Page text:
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Contentious rezoning clears planning board
County commission will review plan next
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Forsyth County News

FORSYTH COUNTY — A green-clad crowd filled the Forsyth County Administration Building on Tuesday night for the county’s planning board meeting.

The group, made up mostly of residents from the Grand Cascades and Champions Run subdivisions in south Forsyth, was there in solidarity against a residential development proposed nearby that they fear is too dense and could cause sediment issues.

Ridgeline Lane Planning Inc. is seeking permission to build 32-single family residential lots on a 21.7-acre property at Settles Road and Thunder Gulch Pass.

After much discussion, the planning board backed the county staff’s findings and voted 3-2 to recommend that the county commission approve the project. Board members Pam Bowman and Greg Dolezal opposed the measure.

Earlier in the evening, attorney Emory Lipscomb, representing Ridgeline, spoke before the board in favor of zoning the property from an agricultural district to Residential 3.

According to Lipscomb, the project originally called for 43 lots. That figure, however, was revised to 32, or about 1.47 homes per acre, after meetings with residents of the neighboring subdivisions.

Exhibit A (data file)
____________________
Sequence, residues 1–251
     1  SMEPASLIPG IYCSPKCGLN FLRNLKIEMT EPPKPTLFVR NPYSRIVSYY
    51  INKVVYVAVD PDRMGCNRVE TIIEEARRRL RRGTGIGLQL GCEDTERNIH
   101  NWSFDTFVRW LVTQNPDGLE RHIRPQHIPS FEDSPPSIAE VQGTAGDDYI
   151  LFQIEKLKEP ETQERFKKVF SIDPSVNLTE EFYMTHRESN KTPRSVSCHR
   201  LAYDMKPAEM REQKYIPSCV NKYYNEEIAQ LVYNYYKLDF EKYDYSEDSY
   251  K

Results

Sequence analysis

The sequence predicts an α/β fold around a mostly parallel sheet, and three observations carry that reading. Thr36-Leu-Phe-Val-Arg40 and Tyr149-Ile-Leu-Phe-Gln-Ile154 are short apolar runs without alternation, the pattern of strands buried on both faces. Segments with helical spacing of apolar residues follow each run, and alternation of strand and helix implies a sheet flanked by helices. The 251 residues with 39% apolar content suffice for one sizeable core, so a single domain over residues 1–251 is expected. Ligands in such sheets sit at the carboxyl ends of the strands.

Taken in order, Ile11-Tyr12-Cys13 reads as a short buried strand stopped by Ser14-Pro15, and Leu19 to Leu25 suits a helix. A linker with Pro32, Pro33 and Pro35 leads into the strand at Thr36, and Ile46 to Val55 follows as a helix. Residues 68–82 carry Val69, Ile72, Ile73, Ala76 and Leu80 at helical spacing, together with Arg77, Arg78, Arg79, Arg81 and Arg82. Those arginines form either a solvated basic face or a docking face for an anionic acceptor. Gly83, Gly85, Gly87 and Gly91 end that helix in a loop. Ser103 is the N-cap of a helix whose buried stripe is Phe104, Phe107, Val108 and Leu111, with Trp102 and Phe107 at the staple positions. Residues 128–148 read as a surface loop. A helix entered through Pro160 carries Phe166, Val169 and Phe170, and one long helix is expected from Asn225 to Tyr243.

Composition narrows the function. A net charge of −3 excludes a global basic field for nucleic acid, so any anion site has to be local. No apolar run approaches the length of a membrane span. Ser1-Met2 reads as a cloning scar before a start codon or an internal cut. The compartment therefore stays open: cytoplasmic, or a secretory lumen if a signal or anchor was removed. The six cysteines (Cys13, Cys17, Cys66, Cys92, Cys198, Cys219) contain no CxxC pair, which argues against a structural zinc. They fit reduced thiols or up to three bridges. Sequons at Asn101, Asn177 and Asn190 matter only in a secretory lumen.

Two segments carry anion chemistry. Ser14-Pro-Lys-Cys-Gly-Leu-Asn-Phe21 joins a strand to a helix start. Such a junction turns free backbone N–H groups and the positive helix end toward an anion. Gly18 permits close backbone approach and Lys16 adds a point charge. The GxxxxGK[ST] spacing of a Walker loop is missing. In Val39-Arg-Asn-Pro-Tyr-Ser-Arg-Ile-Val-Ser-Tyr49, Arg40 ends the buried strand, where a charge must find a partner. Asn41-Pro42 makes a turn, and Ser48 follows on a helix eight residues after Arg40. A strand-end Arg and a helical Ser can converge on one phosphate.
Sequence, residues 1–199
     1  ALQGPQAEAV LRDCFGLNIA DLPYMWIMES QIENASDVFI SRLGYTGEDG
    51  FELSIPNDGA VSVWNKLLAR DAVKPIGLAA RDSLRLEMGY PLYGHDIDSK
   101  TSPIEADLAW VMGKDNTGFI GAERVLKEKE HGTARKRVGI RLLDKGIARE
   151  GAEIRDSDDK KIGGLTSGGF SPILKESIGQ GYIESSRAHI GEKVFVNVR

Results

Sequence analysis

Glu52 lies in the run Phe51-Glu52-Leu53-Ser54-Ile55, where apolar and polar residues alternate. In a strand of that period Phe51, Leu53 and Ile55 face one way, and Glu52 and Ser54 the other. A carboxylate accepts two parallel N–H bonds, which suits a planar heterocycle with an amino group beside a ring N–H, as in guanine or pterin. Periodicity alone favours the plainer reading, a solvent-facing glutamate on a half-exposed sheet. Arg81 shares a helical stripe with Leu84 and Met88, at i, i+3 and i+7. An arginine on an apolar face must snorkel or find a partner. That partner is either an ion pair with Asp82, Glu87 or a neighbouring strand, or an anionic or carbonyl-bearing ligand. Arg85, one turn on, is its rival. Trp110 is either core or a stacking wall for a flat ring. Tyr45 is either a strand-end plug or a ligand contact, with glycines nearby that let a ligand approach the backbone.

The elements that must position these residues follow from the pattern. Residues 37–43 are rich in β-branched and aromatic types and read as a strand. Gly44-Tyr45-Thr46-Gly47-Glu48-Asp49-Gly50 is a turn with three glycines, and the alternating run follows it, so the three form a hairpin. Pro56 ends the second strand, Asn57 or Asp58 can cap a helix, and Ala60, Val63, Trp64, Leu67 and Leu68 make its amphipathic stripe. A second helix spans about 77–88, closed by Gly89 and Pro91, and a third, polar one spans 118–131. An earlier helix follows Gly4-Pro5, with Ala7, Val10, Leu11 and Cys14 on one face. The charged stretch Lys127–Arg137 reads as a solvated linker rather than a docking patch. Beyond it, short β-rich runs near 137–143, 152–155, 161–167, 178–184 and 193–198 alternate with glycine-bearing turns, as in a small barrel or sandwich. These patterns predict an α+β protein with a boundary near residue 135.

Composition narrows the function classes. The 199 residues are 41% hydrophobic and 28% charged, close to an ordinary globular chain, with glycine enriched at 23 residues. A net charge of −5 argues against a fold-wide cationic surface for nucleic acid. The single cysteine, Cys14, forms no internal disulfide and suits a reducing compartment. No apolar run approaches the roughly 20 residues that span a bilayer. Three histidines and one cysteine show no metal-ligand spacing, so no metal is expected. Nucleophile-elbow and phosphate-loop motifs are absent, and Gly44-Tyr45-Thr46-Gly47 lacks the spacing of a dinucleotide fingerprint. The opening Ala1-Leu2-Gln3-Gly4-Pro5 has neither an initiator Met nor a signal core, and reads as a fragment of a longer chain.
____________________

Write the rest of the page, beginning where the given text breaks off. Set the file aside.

Grand Cascades resident Jeff Meadows said while Lipscomb was very agreeable to meetings, the size of the lots on the proposed development are “just not acceptable.”

“We can’t accept that at this point,” he said, adding that the planning board should instead approve a Res 2 rezoning, with 18,500 square foot lot sizes.

Meadows’ concerns were shared by other speakers, who also mentioned the potential sediment impact. One resident said the property’s owners would not allow soil samples to be taken so Grand Cascades residents could have a water report conducted.

One of the property owners, Phillip Baker, countered that the residents were allowed to inspect the property, but “they stalled.”

Baker added that the construction of the opponents’ subdivision was itself responsible for the sediment problem, which has nearly filled his own pond with silt.

Lipscomb acknowledged that protecting streams and preventing sediment from entering the county’s water is “a big-time issue.”

While the planning board ultimately voted in favor of Ridgeline’s request, it was not an easy process.

As one of several conditions the project must meet, Grand Cascades residents will be allowed to collect soil samples.

There were also multiple failed amendments made by planning board members Jayne Iglesias and Dolezal to increase the minimum lot sizes, each time resulting in a chorus of boos from the crowd.

On the final attempt, planning board member Robert Hoyt agreed, allowing the minimum lot size to be increased from 12,500 to 14,500 square feet.